• unorthodox, unconventional and unexpected work, some think Joe Maddon is crazy, he might be, yet that also makes him a brilliant baseball strategist, i.e., batting the pitcher 8th vs. 9th, having players play multiple positions, executing back-to-back, run-producing safety squeeze bunts, etc. / Lesson: Forget about the naysayers and critics. Do what you think is right. Rely upon your knowledge, experience, metrics, statistics, eyes, ears and gut. Then decide. Confidently. Then execute or get the heck out of the way, and let your team execute. Your results will infom the world.
• control what you can control: Maddon would stress, “Forget about yesterday, don’t worry about tomorrow. Focus on today.” / Lesson: Be in charge, every day, of your attitude, choices and actions.
For you and the Cubs, may next year, be “the” year, to attain new levels of success. Live and work, like a champion!
His journey began in 1945. He was a recent high school graduate and now an 18-year-old “Navy Man.” A Petty Officer Third Class. Yet little did he realize, he’d receive a hero’s welcome for his service as a World War II veteran, 70 years later. It was September 2nd, 3:05AM. Dad slowly entered my car. We left in darkness.
Over the decades, Dad and I have spent lots of memorable days together. Yet none like this. His Honor Flight Chicago trip as a World War II vet had officially begun. (Honor Flight Chicago’s mission is simple: “To thank and pay tribute to America’s war heroes, by bringing them to Washington, D.C. for a day of honor and remembrance at no cost to them.”)
First stop, Chicago’s Midway Airport. 3:40AM, Dad carefully exited my car. Orange-shirted volunteers gently helped him into one of his many “chariots” for the day. A smooth-movin’ wheelchair!
I parked my car and headed into Midway to join the fun. (I spend lots of time in airports. Yet never have I seen such excitement and joy…in any airport, especially at 4AM!) Hundreds of volunteers were there to “serve” veterans. For they had served America, its citizens and future generations.
Dad was one of 85 vets. 84 men. 1 woman. Average age 90. The oldest 99. And as Dad said, “Even a ‘kid,’ who was only 86!”
I donned my green Honor Flight shirt. I was now an “official guardian.” And I’d have the privilege of being Dad’s guardian for the day. Dad always encouraged and politely pushed me to succeed. Yet now, I’d be “pushing” him and his wheelchair, through crowded airports, around memorable D.C. memorials and up countless ramps.
But first, an extensive, remarkably organized “check-in” process: Name tags issued. Ditty bags passed out. Portrait photos of each vet taken.
We breezed through a special security line and once at the gate for our Southwest charter to D.C., we were treated to coffee, donuts and “time travel.” A live-band, featuring “Andrews Sisters” impersonators belted out hits from the 1940s. While volunteer dancers in 40s garb danced with veterans.
Then the slow, methodical, highly efficient boarding process began. 85 vets. 8 nurses. 2 doctors. Volunteers. Guardians. Photographers and videographers. Finally, wheels-up. A glorious day to fly.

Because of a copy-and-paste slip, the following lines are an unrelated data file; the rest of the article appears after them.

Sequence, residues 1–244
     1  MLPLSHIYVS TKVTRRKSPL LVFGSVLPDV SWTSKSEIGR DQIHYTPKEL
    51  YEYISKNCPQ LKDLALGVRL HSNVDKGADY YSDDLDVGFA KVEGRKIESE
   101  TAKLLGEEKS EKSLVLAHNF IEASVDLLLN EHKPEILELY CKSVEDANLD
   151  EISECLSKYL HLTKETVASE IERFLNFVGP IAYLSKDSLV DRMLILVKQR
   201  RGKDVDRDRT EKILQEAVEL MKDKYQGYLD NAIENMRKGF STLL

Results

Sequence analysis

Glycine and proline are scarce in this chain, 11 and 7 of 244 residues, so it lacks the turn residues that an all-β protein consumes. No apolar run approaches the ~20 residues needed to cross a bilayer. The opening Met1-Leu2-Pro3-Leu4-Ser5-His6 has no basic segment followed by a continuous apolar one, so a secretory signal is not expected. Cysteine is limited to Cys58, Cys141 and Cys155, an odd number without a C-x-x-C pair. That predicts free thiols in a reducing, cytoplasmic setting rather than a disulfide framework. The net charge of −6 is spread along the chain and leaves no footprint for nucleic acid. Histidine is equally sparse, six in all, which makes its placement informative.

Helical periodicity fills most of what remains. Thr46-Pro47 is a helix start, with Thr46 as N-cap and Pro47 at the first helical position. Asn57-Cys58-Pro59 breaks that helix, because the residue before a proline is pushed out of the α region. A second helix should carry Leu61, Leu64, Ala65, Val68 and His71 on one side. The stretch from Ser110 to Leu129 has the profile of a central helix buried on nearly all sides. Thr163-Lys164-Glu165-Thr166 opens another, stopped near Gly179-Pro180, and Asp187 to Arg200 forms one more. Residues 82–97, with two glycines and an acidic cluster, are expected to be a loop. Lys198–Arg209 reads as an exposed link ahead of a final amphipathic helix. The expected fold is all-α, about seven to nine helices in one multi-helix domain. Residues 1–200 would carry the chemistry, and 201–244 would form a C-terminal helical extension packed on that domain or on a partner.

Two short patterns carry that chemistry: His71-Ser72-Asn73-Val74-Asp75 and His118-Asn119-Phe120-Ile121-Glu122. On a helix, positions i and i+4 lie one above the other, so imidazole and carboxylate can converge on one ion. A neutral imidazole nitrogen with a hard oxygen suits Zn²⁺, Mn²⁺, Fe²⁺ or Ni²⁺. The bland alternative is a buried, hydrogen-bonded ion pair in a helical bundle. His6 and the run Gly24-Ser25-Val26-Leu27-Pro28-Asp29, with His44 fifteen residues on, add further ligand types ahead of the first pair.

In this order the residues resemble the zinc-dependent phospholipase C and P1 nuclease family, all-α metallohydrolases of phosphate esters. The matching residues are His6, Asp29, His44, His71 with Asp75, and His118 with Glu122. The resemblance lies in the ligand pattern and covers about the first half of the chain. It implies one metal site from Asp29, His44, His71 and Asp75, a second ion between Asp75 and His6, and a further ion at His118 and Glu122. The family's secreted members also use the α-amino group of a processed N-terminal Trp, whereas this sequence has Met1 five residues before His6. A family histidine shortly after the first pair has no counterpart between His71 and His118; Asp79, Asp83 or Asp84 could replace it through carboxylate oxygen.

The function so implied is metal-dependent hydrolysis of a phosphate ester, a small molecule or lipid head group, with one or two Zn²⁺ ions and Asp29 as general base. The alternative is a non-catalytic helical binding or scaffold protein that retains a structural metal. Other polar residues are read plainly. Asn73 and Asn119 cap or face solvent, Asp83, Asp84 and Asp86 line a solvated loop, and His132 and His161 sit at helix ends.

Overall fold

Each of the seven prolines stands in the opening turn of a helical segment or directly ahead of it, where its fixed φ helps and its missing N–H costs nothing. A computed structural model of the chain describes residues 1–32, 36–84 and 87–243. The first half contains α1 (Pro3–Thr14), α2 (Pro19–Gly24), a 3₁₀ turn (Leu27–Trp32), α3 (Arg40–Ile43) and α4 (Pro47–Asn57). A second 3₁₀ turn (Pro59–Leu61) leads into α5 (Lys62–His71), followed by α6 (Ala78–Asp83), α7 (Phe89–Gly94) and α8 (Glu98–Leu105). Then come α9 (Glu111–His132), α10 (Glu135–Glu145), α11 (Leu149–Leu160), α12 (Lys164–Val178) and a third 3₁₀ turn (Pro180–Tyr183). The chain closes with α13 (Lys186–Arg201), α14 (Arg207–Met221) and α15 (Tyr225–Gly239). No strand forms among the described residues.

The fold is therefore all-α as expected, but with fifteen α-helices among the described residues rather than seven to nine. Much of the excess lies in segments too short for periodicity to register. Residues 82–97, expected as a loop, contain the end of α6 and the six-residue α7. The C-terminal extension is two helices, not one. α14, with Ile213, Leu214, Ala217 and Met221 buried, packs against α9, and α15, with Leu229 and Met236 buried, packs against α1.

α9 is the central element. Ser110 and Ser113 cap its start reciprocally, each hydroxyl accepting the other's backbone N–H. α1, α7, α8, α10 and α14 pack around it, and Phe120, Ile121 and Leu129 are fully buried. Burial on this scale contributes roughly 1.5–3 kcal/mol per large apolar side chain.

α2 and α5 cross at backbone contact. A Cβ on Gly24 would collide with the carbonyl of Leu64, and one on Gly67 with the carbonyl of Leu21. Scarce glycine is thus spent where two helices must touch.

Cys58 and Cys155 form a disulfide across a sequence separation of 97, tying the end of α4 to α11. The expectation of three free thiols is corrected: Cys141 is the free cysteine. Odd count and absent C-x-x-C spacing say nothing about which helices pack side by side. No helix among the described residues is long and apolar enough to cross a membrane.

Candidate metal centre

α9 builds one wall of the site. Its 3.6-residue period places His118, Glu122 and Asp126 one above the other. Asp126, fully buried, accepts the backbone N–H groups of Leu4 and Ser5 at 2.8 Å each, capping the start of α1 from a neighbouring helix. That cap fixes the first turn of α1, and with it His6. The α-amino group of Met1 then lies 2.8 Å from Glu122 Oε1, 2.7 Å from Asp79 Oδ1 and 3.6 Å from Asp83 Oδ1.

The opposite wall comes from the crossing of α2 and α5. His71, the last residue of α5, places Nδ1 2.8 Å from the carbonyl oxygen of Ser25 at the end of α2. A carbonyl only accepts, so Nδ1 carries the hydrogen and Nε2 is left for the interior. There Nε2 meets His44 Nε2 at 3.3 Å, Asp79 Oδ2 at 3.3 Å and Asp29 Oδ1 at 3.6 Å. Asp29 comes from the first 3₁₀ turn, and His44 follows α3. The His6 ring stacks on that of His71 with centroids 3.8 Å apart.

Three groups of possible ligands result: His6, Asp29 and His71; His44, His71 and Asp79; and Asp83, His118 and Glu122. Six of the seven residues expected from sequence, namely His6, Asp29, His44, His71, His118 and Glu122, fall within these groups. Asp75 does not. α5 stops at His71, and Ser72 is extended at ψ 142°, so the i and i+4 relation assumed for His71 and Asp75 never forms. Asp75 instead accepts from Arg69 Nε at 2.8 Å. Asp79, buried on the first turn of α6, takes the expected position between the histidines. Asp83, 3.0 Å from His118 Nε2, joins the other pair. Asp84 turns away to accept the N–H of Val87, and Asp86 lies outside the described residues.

When I fly for business, clients ask, “How was your flight?” I typically reply, “Perfect! We took off, we landed. Uneventful.” By that aviation standard, this “flight” was also uneventful. But not the “greeting!”
As we entered the Dulles terminal, each vet was greeted by hundreds of volunteers, well-wishers, adults, children, high school teams and admirers, who thanked the vets for their courage and commitment with an extended handshake, a warm embrace, a high five, a huge smile or a simple kiss to the cheek.
The enthusiastic crowd showed their gratitude with signs, cheers and the always powerful, “Thanks for your service.” (It was one of many times during the day, when I wish I had a box of Kleenex with an automatic dispenser!)
Eventually, we exited the terminal, (still to thunderous applause), and headed to the next mode of transportation, our gleaming, five-strong “bus brigade” – Red, White, Blue, Green and Gold. (It’s also pretty easy to navigate Virginia and D.C. traffic, with a police escort!)
Visits during the day included; the Air Force Memorial, Lincoln Memorial, Vietnam Veterans Memorial, Korean War Veterans Memorial, the Air and Space Museum’s Udvar-Hazy Center and our most memorable visit to the World War II Memorial.
It included a special ceremony for the vets with a color guard, members of the U.S. Marine Corps band and a personal greeting from Senator Bob Dole, himself a WWII vet. (And ironically, the date of our trip, September 2nd, was the 70th anniversary of V-J Day, when Japan “formally” surrendered aboard the U.S.S. Missouri, anchored in Tokyo Bay.)
D.C. was stifling hot. Yet there was never a complaint. About the heat. The lack of sleep. The pace of the day. It was now easy for me to understand, why this group of men and women, have been called, “The Greatest Generation!” Being with them and Dad, was a day of significance.
It was late afternoon, and for the final time, almost 150 haggard yet happy vets, volunteers and guardians boarded our five buses. Off to Dulles! As we gathered at the gate for our return flight home, there was an audible buzz. Folks reflected on the day with new friends. They swapped stories about life during and after the war. And there was 1940s music, with a local dance group “cutting the rug” with women in polka dot dresses and men in zoot suits!
Finally, Southwest charter 8248 was headed back to Chicago. The overhead lights dimmed. Exhausted eyes closed. Proud, but pooped heads sunk into slumber. Until…
One hour into the flight, the plane’s lights abruptly began to shine. They were accompanied by a loud declaration over the plane’s PA system, “Mail call!” The vets were in disbelief. And awe!
Each received a 9×12 envelope with their name on it. Inside; cards, letters, faxes, e-mails, crayon drawings, original artwork…from family, friends, business associates, local students and even the owners of Chicago’s professional sports teams. Each message offering sincere thanks, admiration and love to the vet for their service!